Wyoming House Committee To Consider Marriage, Domestic Partnership Bills: Cheyenne, WY. The Wyoming House Corporations, Elections and Political Subdivisions Committee will meet today to discuss two important bills for the state’s same-sex couples. HB0169 would provide marriage equality for the state’s same-sex couples as a civil contract beginning on July 1, 2013, while HB0168 would instead establish a domestic partnership registry which appears to open much of Wyoming’s marriage law to same-sex couples, but without conferring the name “marriage” to the union.
Both bills will get their hearing today when the committee convenes in room B63 following the noon recess of the full House. Equality Wyoming will hold a rally for marriage equality this morning at 9:00 a.m on the front steps of the Capitol Building in Cheyenne.
Richmond Barthé: 1901. Mississippi-born Richmond Barthé spent his formative years in New Orleans, where his parish priest, Father Harry Kane, encouraged his aesthetic development as a painter. But since he couldn’t enroll in art school during his teenage years because of segregation, he remained self-taught until Kane was able to get him enrolled in the Art Institute of Chicago. During his senior year, Barthé discovered sculpting and never looked back. He moved to New York, won a Guggenheim fellowship (twice), and became a celebrated figure of the Harlem Renaissance. His work explored both race and eroticism. When crime in New York began rising after the war, Barthé moved to Jamaica. Which crime began to rise there in the 1960s, he moved to Switzerland for five years, then to Pasadena. When he moved to an apartment above a garage, the city decided to name the street after him. There, he worked on his memoirs and editioned many of his most important works, with actor James Garner being among his most important patrons. He died in 1989.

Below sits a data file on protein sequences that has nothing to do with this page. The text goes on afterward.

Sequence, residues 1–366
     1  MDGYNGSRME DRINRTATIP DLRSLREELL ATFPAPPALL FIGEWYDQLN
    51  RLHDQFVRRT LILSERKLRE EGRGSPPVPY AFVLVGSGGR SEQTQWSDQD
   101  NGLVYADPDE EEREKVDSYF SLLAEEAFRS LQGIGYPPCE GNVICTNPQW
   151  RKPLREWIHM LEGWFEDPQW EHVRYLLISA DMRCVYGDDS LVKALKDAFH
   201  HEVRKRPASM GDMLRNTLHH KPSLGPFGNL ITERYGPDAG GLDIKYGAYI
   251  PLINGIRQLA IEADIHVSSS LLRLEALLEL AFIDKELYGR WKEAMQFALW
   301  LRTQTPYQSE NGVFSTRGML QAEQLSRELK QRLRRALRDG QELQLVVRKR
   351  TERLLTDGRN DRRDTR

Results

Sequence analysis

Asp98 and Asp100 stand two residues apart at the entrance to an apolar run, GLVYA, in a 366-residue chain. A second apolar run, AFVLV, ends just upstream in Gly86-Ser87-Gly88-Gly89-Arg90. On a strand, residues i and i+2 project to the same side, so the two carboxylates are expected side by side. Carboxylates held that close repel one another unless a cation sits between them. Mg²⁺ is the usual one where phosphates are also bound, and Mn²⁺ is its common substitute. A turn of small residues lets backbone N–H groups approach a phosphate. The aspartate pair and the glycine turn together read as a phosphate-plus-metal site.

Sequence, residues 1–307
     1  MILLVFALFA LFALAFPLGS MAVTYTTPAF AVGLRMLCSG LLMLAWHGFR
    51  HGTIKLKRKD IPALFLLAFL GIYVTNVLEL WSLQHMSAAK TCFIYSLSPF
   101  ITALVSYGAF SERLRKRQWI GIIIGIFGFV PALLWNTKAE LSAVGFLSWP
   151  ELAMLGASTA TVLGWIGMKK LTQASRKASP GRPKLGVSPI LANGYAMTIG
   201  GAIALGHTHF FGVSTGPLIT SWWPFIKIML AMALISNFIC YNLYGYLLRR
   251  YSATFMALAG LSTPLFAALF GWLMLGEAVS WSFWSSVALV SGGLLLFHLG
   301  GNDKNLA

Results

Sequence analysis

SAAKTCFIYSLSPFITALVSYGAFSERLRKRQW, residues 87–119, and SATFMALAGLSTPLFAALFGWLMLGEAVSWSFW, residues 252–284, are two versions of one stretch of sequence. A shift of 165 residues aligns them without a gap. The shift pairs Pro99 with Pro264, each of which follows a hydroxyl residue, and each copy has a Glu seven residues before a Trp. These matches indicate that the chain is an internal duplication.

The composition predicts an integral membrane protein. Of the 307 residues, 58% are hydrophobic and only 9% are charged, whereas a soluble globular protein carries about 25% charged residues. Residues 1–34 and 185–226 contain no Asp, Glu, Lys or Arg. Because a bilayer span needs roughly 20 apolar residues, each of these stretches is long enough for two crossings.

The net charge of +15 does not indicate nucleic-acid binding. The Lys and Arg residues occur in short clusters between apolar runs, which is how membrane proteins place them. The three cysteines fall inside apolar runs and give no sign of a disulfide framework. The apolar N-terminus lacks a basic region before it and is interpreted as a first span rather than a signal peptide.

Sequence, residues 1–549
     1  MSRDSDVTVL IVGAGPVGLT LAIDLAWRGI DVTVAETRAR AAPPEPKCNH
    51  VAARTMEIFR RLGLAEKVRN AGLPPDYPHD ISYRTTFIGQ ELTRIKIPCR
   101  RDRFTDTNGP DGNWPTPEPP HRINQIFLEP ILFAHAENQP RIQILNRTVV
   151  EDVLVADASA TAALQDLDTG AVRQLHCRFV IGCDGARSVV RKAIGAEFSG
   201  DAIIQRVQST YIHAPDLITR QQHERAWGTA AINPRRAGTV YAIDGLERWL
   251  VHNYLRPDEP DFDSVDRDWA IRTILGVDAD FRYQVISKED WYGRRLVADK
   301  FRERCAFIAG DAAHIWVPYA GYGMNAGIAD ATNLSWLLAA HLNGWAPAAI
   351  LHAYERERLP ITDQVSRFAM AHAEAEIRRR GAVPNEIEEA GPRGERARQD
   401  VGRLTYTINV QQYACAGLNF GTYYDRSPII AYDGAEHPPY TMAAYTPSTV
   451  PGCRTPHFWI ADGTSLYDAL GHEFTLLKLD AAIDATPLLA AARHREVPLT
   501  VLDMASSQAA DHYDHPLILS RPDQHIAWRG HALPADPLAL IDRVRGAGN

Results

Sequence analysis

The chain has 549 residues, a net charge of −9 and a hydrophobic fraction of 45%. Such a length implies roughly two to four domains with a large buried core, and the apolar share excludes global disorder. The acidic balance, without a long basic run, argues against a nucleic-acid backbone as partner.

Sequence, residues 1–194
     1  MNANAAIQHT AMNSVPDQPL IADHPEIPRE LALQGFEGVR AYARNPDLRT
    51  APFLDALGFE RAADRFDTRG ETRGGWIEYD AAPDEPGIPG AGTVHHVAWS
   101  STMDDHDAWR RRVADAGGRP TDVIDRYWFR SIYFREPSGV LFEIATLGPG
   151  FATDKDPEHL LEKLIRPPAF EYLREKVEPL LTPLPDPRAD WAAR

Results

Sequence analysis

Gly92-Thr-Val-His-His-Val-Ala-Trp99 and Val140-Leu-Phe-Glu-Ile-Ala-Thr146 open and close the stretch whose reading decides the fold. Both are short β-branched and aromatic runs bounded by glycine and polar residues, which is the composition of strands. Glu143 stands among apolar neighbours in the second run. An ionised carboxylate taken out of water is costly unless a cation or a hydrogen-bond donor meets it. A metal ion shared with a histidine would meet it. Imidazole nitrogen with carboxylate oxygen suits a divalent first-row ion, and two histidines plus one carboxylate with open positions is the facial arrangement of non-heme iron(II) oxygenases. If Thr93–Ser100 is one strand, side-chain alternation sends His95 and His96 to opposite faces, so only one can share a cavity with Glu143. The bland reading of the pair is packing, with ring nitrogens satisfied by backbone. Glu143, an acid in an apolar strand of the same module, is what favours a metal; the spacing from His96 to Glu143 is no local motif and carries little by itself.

Bobbi Campbell: 1952. An early AIDS activist, Campbell was the 16th person in San Francisco to be diagnosed with Kaposi’s sarcoma, one of the more common opportunistic infections associated with AIDS. He came by activism rather simply but boldly: by simply refused to hide his face, he became known as the “KS poster boy” in 1982 when he began writing a column for the San Francisco Sentinel. He gained nationwide attention on August 8, 1983 when he appeared with his partner on the cover of Newsweek. That same year, he co-founded the People with AIDS Self-Empowerment Movement, which established the Denver Principles which rejected the notion that people with AIDS (PWA) were “victims” and demanded the inclusion of PWAs in all aspects of organized responses to the epidemic, including the right to make informed decisions with regard to their own care.
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